The intravenous route is one of the commonest routes used to administer medications or fluids. Intravenous medications are supplied via ampules, vials, and pre-filled syringes. However, medicines administered through this invasive route are absorbed readily and quickly into the body. Since the route of administration is invasive, there are numerous risks associated with administering them. Appropriate preparation and administration can make the parenteral administration safe and effective.Use of peripheral catheters in infusion therapy
Peripheral intravenous catheter (PIVC) insertion is one of the most frequent invasive infusion and nursing practice procedures. PIVCs enable the intravenous administration of fluids, blood products, and drugs directly into the patient’s bloodstream.¹² However, this procedure involves certain mechanical complications such as partial dislodgement or accidental removal, occlusion, infiltration, extravasation, etc., and infectious complications like sepsis, phlebitis, etc.
Appropriate management of IV catheters, including flushing of vascular devices, is essential in infusion therapy. Flushing of catheters with 0.9% sodium chloride is critical in preventing catheter malfunction by maintaining catheter patency.
The latest Infusion Therapy Standards of Practice 2021 guidelines highlight some key practices to be followed while flushing IV catheters, which include:³
- Flushing and aspiration for a blood return prior to each infusion to assess catheter function
- Flushing after each infusion to clear the infused medication from the catheter lumen
- Using single-dose systems or single-dose vials for flushing and locking catheters
- Flushing with preservative-free 0.9% sodium chloride
a. Using a minimum volume equal to twice the internal volume of the catheter system (e.g., catheter plus add-on devices)
b. Using larger volumes (e.g., 5 mL for PIVC) may remove more fibrin deposits, drug residue, and other debris from the lumen
c. When choosing the flush volume, consider factors such as the size and type of catheter, age of the patient, and kind of infusion therapy being given
- Flushing of all lumens of a multi-lumen catheter after obtaining blood samples to reduce the likelihood of causing blood reflux into the other lumens
- Flushing to be performed once daily to improve the patency of catheter and maintenance flushing every three months with 10 mL of 0.9% sodium chloride and 3 or 5 mL of heparin
- Locking of catheters immediately after use with preservative-free 0.9% sodium chloride to prevent occlusion and catheter-related bloodstream infections (CRBSIs)
The process of flushing was traditionally done using two or more syringes to assess patency, drug delivery, and final flush solution. However, this process is time-consuming for the hospital staff (both in the preparation and administration of the intravenous medications), needs more manipulations of the venous access, and involves higher economic costs. Therefore, commercially prepared pre-filled saline syringes may come to the rescue, reduce the preparation and administration time and help adhere to aseptic non-touch technique (ANTT) and intravenous flushing practice.â´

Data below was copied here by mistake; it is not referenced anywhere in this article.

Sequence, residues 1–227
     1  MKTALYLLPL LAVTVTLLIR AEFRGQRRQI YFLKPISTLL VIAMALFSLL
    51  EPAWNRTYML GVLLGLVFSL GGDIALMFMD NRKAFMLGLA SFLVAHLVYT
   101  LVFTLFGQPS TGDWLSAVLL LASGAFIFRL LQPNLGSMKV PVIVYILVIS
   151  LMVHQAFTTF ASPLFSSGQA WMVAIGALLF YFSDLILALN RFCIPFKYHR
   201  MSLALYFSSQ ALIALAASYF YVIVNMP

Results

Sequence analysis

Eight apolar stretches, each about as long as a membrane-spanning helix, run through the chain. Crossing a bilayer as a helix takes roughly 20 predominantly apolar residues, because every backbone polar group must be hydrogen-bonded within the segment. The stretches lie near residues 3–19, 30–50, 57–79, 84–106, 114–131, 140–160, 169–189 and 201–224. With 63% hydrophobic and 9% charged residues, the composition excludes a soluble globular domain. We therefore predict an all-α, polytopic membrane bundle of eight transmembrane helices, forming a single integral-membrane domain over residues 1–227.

A research report by Becton, Dickinson, and Company (BD) indicated that pre-filled saline syringes can help reduce the risk of catheter-related bloodstream infections (CRBSIs).âµ
Some characteristic features of these syringes are as follows:â¶
- Unique syringe design: helps minimize syringe-induced reflux
- Clear labelling: aids in reducing the risk of medication errors
- Standard 10mL syringe diameter: helps reduce the chances of catheter damage
- Stubby syringes: aids in reducing environmental waste and hospital costs
An international study was carried out to assess the use of pre-filled syringes and split-septum devices and their impact on CLABSI rates in patients. The study reported that using PosiFlusháµ€á´¹ pre-filled syringes and Q-Syteáµ€á´¹ split-septum devices led to a significant decrease (approximately 65%) in CLABSIs and improved quality of life in patients by preventing catheter removal rates.â·
Pre-filled syringes can efficiently contribute to strict infection control and help deliver effective and safe intravenous administration. Thus, healthcare facilities should invest in the latest high-quality and reliable pre-filled syringes to provide better patient safety and quality care.
- Chopra V, Flanders SA, Saint S, Woller SC, Ogrady NP, Safdar N, et al. The Michigan Appropriateness Guide for Intravenous Catheters (MAGIC): Results from a multispecialty panel using the RAND/UCLA appropriateness method. Ann Internal Med. 2015;163(6_Supplement):S1-40.
- Corrigan A. Infusion nursing as a specialty. In: Alexander M, Corrigan A, Gorski L, Hankins J, Perucca R, editors. Infusion nursing: An evidence-based approach. 3rd ed. St Louis: Saunders/Elsevier; 2010. p. 1–9.
- Infusion Nurses Society. Infusion Nursing Standards Practice. J Infus Nurs. 2021
- Keogh S, Flynn J, Marsh N, Higgins N, Davies K, Rickard CM. Nursing and midwifery practice for maintenance of vascular access device patency. A cross-sectional survey. Int J Nurs Stud. 2015;52(11):1678–85.
- Saliba P, Cuervo G, Hornero A, De Carli G, Marani A, Puro V, Felisa López A, Iftimie S, Castro A, Diaz-Brito Fernandez V, Alvarez Moya MC, Jimenez De La Rosa C, Martínez-Sánchez J, Jimenez E, Carratalà J, Pujol M. The impact of flushing with pre-filled saline syringes on the incidence of peripheral venous catheter failure: A quasi-experimental study. J Vasc Access. 2020 Jul;21(4):490-496.
- Gorski LA. The 2016 Infusion Therapy Standards of Practice. Home Healthc Now. 2017;35(1):10–18.
- Devrim Ä°, Oruç Y, DemiraÄŸ B, et al. Central line bundle for prevention of central line-associated bloodstream infection for totally implantable venous access devices (ports) in pediatric cancer patients. J Vasc Access. 2018;19(4):358-365.
(Edited by Priyal Shah)